Farmer Jones Carz was a Calgary institution for decades, a used car lot selling well worn el-cheap-o transportation and doing it with a quirky style. The lot was always brimming with old beaters and the iconic sign with its slow-witted looking chubby farmer in coveralls with a sprig of grass in his teeth was a well known landmark. Everything must come to an end though and in 2012 the business closed.
One of the last holdouts from “old” Inglewood, it used to share that neighbourhood with seedy pawn shops, dark second hand stores, auction houses, bottle depots, a dive hotel, and other similar type businesses that tend to thrive in these older depressed areas of town.
Since closing the “beautiful” sales building has sat empty and is likely to be demolished. The neighbourhood it’s located in is experiencing a renaissance of sorts and is becoming quite trendy (read: expensive) and I am sure the lot is likely to be transformed into something up scale. What happened to the sign is unknown.
The rest of the place has been turned into a what is assumed to be, a temporary parking lot.
You’d often see ads for the car lot in the local papers and they always had clever and quirky catch phrases. For example…
“Cash 4 Carz”
“Cash fer Carz”
“I hate munny, I luv carz”
“Stoopid buyer on duty”
And there were many others, all with hillbilly style spelling.
They also plastered their lot with loud signs and they often had ratty old stuffed animals inside the cars along with balloons and flags and other decorations of a tacky nature draped over everything. With traffic on 9th avenue and trains passing right behind the lot, it must have been a noisy place at times.
Prior to this location, back in the 1970s the lot was a block or two east of here on the same street, but on the opposite side (I think).
My stepfather had a strange attraction to this place and back when I was coming into my teen years, he often purchased his cars here. Every one was junk and every one was ugly, but I guess they were cheap and perhaps the company provided financing for those who were a high credit risk (as my stepfather often was). All I can remember is he’d often be cursing the cars he bought from here, and in particular I recall a very junky Ford Cortina that was prone to almost daily breakdowns. It was worthy of only one place, the shredder. Looking at the cars being offered at Farmer Jones more recently, nothing much had changed and old junkers populated the lot.
While they were clearly a success in their earlier days, changing demographics, rising operating costs, cramped quarters, a questionable reputation (whether deserved of not), the death of my step father (their best customer), all conspired to bring this amazing “legacy” to an end. Remains of their website, still listed as under construction, can be found online. There was talk of them finding a new location, but nothing has come about from this.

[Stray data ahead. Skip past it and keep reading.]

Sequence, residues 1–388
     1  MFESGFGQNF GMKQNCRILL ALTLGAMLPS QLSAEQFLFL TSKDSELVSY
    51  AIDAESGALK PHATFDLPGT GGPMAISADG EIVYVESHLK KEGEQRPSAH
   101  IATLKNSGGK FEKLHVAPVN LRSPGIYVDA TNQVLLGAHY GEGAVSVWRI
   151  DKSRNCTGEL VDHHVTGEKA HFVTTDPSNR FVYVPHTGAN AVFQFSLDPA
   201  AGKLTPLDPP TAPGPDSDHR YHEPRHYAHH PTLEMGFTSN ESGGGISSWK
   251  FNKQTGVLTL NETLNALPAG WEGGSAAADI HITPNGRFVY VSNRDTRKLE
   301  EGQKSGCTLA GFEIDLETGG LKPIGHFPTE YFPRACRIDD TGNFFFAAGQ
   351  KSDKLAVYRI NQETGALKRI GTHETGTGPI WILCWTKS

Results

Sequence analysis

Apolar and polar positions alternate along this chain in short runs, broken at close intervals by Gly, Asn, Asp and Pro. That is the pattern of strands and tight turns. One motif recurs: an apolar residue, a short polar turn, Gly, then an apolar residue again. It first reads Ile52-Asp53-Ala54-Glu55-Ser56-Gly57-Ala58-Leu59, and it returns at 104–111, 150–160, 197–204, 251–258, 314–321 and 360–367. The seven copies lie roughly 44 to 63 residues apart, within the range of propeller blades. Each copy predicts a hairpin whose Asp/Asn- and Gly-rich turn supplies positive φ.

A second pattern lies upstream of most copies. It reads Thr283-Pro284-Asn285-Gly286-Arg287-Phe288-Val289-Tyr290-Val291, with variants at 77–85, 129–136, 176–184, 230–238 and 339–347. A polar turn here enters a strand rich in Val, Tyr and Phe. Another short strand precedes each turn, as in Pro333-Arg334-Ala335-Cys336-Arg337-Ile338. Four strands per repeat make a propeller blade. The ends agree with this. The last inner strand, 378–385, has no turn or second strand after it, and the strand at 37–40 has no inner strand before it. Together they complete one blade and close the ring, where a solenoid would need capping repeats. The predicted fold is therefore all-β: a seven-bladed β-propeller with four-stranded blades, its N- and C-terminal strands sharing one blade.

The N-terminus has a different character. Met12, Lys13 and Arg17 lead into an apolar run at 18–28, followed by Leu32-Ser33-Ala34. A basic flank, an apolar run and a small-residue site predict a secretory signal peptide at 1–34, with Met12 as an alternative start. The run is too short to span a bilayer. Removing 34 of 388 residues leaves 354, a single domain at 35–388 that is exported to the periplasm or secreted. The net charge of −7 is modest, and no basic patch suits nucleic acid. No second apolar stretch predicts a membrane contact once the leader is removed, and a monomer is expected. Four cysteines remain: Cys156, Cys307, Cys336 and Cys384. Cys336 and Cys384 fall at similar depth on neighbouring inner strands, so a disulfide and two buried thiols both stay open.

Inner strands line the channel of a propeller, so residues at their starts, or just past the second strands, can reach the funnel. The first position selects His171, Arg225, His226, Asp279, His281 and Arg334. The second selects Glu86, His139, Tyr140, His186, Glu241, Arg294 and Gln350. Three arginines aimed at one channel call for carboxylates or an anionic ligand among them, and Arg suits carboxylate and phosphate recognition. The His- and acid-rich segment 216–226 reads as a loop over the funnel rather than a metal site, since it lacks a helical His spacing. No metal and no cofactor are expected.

Seen above the car lot, on a brick building that borders the lots west side, are a number of interesting ghost signs. There is an advertisement for Fred Deeley Cycles, which is barely readable. This company was a large dealer of pedal powered conveyances and they also sold motorcycles. It’s not clear when they pulled out of Calgary, but they also have a Vancouver store which is still in business today under the name Trev Deeley Motorcycles. The signs says Fred Deeley was established in 1914 and it’s assumed these signs are a bit newer then that date – the 1920s perhaps?
Beside it is another advertisement for bicycles, for a brand called Rudge, presumably being sold at Fred Deeley. It proudly proclaims “Ride A Rudge, The World’s Most Reliable Bicycle Since 1869”. This make of bicycle was a well respected and prominent British brand, and through various mergers they were made into the the 1960s and perhaps even later. They also made motorcycles for a time.
Some of the previous two signs are hard to read and some bits are now totally missing or too faded, however I was fortunate enough to find a picture of them from thirty years ago and at that time everything on them was easily readable. That’s how I knew what the impossible to read bits said.
There is a third sign, very faded, which is advertising candies and pastries. This company, likely the old Olivier Candy shop which used to be located in this building but is now a few blocks east, had according to the sign, outlets in Calgary, Edmonton, Regina, Saskatoon and Winnipeg. This sign is obviously newer than the others.
Seen across the street was an odd line up of Ford Festiva cars. Most were late 1980s or early 1990s models with one “newer” one in the mix. Why they are doing here is anyone’s guess and one has to question, why would anyone want them? They are base model throw-away cars, ones not seen much here, so parts and service must be hard to find. And they are down right plain and homely (IMO). Who ever owns them has the market cornered I guess.
Back to the car lot and my only regret is that I did not photograph the operation while it was in business. It was such a funky place. I’ve learnt my lesson and will make every effort to not be so careless again.
If you have any Farmer Jones experiences, pictures or ads you’d like to share, be sure and let us know. We can happily post them here.
To see the nearby dive hotel mentioned earlier, follow this link…
The Nash aka The National Hotel.
Across the street is an interesting school we explored…
Calgary then and now – Alexandra School
Check out this post…
Genealogists don’t let the truth get in the way of a good story.
If you wish more information on this place, by all means contact us!
Date: February, 2013.
Location: Calgary, AB.